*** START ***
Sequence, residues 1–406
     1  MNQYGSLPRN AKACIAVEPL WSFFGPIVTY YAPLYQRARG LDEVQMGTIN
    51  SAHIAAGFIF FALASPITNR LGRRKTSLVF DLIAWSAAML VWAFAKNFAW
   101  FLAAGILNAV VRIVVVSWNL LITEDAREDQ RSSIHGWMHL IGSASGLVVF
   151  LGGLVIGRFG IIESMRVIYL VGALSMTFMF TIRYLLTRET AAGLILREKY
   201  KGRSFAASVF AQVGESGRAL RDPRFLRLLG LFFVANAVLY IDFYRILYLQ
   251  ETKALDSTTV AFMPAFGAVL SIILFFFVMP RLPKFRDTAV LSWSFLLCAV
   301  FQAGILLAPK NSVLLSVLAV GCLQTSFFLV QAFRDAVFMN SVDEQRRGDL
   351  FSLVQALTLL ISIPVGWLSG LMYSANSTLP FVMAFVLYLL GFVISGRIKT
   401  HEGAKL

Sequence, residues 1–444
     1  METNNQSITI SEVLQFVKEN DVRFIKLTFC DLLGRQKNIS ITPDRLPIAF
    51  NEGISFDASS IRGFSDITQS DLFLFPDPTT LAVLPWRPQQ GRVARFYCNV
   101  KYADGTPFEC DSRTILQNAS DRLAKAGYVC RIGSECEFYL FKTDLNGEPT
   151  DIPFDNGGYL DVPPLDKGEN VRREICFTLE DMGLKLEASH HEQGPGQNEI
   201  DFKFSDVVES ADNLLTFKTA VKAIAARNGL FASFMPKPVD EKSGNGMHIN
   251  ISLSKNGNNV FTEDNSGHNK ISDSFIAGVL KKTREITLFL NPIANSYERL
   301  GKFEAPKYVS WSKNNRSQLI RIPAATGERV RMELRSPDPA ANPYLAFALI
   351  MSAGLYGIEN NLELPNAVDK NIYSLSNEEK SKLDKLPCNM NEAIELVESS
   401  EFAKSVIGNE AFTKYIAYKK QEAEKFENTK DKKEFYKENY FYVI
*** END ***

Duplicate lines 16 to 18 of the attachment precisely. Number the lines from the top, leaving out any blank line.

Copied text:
   201  DFKFSDVVES ADNLLTFKTA VKAIAARNGL FASFMPKPVD EKSGNGMHIN
   251  ISLSKNGNNV FTEDNSGHNK ISDSFIAGVL KKTREITLFL NPIANSYERL
   301  GKFEAPKYVS WSKNNRSQLI RIPAATGERV RMELRSPDPA ANPYLAFALI